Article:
Economist Morton Marcus, retired director of the Indiana Business Research Center which, among other things, creates population estimates and projections for Indiana, made an interesting speech recently at Indiana State University in Terre Haute.
I don’t agree with everything Marcus says in his speech, but this blurb from the media coverage of it really caught my eye:
Marcus further noted that he is not concerned about a so-called “brain drain” from the Hoosier state, calling attempts to keep Indiana’s kids in the state a mistake. It is better to encourage young people to leave the state and attract new people from other areas to move here, he said. “We have an inadequacy of brain-inflow,” not a brain drain, Marcus said. “Too many people in Indiana have not seen the rest of the world.”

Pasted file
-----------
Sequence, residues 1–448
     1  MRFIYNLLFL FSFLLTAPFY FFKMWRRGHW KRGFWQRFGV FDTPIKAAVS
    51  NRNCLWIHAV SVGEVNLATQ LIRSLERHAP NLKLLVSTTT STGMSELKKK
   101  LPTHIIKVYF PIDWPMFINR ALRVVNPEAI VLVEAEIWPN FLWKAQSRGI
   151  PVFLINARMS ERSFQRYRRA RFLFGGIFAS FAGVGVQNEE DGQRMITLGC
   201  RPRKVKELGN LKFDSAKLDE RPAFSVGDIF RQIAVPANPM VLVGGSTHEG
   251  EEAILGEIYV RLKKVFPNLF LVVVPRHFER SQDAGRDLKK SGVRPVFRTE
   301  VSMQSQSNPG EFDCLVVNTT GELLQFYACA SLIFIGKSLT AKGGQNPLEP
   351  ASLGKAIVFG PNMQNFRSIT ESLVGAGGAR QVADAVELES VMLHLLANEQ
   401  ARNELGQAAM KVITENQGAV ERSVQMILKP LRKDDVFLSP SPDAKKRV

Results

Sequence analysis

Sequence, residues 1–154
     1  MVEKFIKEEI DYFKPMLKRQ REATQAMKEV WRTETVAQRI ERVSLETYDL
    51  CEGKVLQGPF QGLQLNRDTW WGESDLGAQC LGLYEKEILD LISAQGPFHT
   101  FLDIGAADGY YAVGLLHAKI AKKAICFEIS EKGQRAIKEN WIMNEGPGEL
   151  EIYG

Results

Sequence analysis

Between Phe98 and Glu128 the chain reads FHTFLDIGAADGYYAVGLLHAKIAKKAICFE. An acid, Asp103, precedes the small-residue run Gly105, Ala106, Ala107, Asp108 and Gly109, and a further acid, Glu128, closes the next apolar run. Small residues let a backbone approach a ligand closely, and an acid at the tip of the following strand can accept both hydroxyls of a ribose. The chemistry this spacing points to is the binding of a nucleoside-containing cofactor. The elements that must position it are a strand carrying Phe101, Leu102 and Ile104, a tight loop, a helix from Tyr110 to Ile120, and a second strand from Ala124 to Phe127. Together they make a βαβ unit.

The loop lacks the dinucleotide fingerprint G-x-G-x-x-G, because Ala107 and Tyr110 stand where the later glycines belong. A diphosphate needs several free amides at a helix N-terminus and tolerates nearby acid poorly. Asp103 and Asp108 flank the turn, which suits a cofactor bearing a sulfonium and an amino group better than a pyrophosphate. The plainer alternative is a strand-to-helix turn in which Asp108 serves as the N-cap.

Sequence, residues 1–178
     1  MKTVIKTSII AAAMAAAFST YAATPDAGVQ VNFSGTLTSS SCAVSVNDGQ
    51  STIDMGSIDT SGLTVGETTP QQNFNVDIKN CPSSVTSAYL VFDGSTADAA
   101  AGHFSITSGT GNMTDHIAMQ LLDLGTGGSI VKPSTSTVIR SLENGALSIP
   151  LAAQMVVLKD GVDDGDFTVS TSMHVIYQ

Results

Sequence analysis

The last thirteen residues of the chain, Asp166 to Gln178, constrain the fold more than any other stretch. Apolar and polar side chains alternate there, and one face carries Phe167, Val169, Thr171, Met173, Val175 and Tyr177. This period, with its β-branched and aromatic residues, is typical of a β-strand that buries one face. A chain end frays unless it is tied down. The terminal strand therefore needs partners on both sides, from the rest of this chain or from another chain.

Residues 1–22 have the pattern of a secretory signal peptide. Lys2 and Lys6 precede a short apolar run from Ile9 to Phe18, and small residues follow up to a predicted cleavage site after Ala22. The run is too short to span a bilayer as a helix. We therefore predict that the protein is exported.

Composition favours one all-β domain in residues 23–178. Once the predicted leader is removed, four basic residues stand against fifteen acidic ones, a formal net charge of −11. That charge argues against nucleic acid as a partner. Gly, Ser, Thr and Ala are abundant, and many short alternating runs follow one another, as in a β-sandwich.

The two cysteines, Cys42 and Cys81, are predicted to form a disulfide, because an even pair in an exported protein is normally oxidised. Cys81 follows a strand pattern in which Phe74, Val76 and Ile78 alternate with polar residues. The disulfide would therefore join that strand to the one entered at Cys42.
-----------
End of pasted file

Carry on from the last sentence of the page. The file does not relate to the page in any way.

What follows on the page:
This is right on I think. It’s not that I think that cities should try to get rid of their young college grads, but having cities full of people who’ve never lived anywhere else breeds an insular attitude. It also makes it extremely difficult to change and break out of existing molds. When you don’t know what other people are doing, it’s hard to judge if you are doing well or not. And of course people as well as cities benefit from new and different experiences. Now I’ll be the first to admit that’s really a value statement, but it’s a value I’m glad to promote.
The other side of this around brain-inflow is also key. Places like San Francisco didn’t become hotbeds of skilled technical people by retaining their kids. They did it by hoovering up educated people from elsewhere. As I argue elsewhere, all too many of the smaller, aspirational cities I cover here are selling a commodity product that is not likely to appeal to young, ambitious, educated people. This makes attracting those brains from elsewhere difficult.